While touring on the Loew's circuit, Jackson's first visit to New York was marked by a visit to the Hoofers Club in Harlem, where he saw the tap dancing of Honi Coles, Raymond Winfield, Roland Holder and Harold Mablin. Several years later, he returned to New York to perform with his brother in a vocal group they formed called "The Four Buds". While working in the Harlem nightclub owned by Dickie Wells, the retired dancer from the group of Wells, Mordecai and Taylor encouraged his dancing and nicknamed him Baby. He continued to frequent the Hoofers Club, absorbing ideas and picking up steps from Eddie Rector, Pete Nugent, Toots Davis, Jack Wiggins and Teddy Hale, who became his chief dancing rival. "I saw a fellow dance and his feet never touched the floor," remembers tap dancer Bunny Briggs when he first saw Laurence dance in the thirties, when he was participating in after-hours jam sessions in Harlem and playing such theatres as the Apollo. 

He also performed with group called the "The Six Merry Scotchmen" (in some billings, the "Harlem Highlanders"), who dressed in kilts, danced, and sang Jimmie Lunceford arrangements in five-part harmony. Around 1940, Baby focused on tap dancing and became a soloist. Through the forties, he danced with the big bands of Duke Ellington, Count Basie and Woody Herman, and in the fifties, he danced in small Harlem jazz clubs. It was under the influence of jazz saxophonist Charlie "Bird" Parker and other bebop musicians that he expanded tap technique into jazz dancing. Listening to the jazz pianist Art Tatum, Baby duplicated in his feet what Tatum played with his fingers. Listening to Parker, Dizzy Gillespie and Bud Powell as well as the jazz drummer Max Roach, Baby developed a way of improvising solo lines and variations as much like a horn man as a percussionist. "He was more a drummer than a dancer," writes Whitney Balliett in New York Notes (1976), "he did little with the top half of his torso. But his legs and feet were speed and thunder and surprise... a succession of explosions, machine-gun rattles and jarring thumps."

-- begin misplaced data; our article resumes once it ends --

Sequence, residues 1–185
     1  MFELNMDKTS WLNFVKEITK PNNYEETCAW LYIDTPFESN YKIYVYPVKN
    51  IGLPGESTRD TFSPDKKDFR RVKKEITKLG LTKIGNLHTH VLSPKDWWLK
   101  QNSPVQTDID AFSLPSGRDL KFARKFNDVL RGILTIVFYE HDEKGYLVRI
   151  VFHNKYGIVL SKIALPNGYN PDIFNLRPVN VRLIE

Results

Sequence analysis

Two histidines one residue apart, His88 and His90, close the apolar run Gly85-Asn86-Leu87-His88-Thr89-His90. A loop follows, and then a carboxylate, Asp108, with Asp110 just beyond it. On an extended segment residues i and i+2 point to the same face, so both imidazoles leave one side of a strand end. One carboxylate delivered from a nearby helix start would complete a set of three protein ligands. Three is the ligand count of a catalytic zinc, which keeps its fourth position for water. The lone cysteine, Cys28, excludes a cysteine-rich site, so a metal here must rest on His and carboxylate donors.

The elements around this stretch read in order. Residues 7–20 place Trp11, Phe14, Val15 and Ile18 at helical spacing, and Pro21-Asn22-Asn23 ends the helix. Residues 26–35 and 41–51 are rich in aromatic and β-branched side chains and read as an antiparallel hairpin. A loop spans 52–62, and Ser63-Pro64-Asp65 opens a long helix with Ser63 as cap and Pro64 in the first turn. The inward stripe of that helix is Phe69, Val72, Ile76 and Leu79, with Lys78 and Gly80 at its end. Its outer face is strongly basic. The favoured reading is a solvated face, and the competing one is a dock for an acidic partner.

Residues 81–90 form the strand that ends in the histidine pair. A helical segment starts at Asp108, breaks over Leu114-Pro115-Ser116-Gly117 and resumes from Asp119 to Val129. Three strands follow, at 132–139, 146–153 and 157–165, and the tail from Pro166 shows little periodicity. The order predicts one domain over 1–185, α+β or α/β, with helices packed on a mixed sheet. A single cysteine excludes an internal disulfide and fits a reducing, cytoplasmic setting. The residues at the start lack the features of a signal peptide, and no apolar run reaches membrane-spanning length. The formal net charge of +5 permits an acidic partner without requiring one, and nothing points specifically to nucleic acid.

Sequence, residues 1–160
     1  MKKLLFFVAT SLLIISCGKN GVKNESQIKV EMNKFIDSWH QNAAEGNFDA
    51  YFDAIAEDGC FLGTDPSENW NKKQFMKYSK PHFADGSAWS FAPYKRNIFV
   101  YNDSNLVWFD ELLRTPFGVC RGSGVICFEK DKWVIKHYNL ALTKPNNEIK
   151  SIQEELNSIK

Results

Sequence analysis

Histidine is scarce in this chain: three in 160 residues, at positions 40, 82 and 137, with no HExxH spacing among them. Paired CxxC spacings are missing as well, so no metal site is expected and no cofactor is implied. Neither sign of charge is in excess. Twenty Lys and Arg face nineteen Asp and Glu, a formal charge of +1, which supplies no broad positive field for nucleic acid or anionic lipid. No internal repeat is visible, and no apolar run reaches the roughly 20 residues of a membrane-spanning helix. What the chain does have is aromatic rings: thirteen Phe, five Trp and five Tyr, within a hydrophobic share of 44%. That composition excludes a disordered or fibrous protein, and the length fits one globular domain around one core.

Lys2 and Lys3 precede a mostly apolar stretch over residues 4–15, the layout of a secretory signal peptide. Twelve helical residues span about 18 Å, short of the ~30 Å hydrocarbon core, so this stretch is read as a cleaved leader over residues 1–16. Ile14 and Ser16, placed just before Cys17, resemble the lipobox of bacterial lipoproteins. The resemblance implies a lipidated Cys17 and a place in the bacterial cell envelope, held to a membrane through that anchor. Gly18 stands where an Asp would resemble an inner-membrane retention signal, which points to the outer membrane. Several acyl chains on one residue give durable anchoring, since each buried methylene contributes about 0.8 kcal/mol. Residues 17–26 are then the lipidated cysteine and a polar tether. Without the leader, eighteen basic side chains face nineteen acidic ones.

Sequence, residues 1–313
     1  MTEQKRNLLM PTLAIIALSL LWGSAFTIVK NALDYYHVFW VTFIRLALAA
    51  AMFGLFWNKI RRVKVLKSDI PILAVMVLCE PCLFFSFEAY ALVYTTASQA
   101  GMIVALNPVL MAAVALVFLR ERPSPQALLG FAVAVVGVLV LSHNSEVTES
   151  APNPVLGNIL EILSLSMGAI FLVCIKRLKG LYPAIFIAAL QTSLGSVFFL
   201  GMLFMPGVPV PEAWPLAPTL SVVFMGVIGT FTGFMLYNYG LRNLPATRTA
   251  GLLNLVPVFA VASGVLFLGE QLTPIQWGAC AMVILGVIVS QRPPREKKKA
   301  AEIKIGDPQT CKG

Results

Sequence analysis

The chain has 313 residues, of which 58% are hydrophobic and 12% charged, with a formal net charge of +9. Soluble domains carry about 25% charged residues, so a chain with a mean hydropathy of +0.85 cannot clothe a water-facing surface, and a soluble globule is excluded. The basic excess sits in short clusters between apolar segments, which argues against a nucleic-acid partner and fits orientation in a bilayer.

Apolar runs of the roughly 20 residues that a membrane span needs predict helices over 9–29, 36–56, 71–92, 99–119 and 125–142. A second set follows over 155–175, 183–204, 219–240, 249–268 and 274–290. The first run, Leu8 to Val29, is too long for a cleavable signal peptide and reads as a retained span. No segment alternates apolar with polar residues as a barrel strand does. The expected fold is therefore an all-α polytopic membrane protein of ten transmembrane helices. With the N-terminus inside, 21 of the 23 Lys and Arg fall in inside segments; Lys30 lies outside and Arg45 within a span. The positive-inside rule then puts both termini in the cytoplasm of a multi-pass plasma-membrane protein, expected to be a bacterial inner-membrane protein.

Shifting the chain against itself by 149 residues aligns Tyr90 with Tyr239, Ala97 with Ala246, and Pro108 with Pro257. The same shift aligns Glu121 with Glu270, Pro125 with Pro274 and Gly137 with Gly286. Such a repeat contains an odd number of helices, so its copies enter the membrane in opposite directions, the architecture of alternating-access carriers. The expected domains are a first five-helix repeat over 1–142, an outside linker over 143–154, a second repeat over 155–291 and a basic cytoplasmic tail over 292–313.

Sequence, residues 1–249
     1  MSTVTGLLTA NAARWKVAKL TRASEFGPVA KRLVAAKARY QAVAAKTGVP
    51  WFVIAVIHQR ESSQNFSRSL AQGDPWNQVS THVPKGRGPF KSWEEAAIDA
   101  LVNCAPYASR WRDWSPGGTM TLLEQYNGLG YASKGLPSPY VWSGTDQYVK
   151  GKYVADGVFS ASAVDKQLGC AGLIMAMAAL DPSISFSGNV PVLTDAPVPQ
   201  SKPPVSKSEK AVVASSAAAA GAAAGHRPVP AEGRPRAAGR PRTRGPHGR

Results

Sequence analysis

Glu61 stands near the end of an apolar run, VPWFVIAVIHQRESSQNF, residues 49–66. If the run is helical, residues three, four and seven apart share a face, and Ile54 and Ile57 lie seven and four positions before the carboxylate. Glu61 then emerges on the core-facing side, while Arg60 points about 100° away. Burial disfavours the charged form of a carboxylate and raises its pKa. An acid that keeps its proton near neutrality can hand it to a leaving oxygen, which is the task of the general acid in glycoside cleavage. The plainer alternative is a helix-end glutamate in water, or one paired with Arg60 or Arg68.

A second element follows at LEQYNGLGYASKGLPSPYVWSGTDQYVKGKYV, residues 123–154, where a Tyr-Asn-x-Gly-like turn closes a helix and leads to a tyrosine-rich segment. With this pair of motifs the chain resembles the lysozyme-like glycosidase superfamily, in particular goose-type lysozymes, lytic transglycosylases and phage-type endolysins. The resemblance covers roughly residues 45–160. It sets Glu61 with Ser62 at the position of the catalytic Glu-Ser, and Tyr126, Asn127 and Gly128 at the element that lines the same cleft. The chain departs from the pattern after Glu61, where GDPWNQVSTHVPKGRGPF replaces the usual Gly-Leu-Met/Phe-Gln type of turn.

Like musicians in a jazz combo, Laurence was also a fluent improviser who took solos, traded breaks and built upon motifs that were suggested by previous horn men. He was a master of dynamics who would start a thirty-two-bar chorus with light heel-and-toe figures, then drop in heavy off-beat accents and sprays of rapid toe beats that gave way to double-time bursts of rhythm.


Wednesday, 29 May 2013


The desk lamp - task light if you prefer - is one of design's favourite problems. It has also obsessed engineers who should have been busy with other more important things and driven them to decades of distraction; sketching diagrams, stretching springs, balancing and counterbalancing and generally tooling around in workshops. The British engineer Mr George Carwardine came up with the now iconic Anglepoise in the 1930s. It was the game-changer. Now you could alter a light's height, direction and position with a touch rather than through a tiresome process of unclamping, twisting, turning and re-clamping. It has been endlessly imitated, generating a whole new typology. 

Mr Richard Sapper's Tizio is a sort of masterpiece, a study in balance and beautifully realised functionality. And though it was designed in the early 1970s, it gained totemic momentum in the 1980s and became the altar-piece in the mat-black dream home. Other designers have placed formal elegance before flexibility and functionality, putting together sometimes stark, sometimes delicate compositions of shape, material and light. 

Much more attention is now being paid to quality of light - computer screens present different lighting challenges to ink on paper - and energy efficiency. The major Italian lighting brands such as Flos and Artemide, and the A-list designers they employ, are working with LEDs to produce lamps that give off a kinder, gentler light and are kinder and gentler to the planet. Here are 10 lamps that would look quite at home on the desk of any man of influence. 



MR PORTER spent the day with Brooklyn-based photographer & model, Mr Johannes Huebl to see how he chooses what to wear. But, for a minute, forget about Mr Huebl and just focus on that turntable, that furniture, oh and that amazing Burberry Prorsum jacket (shop here!).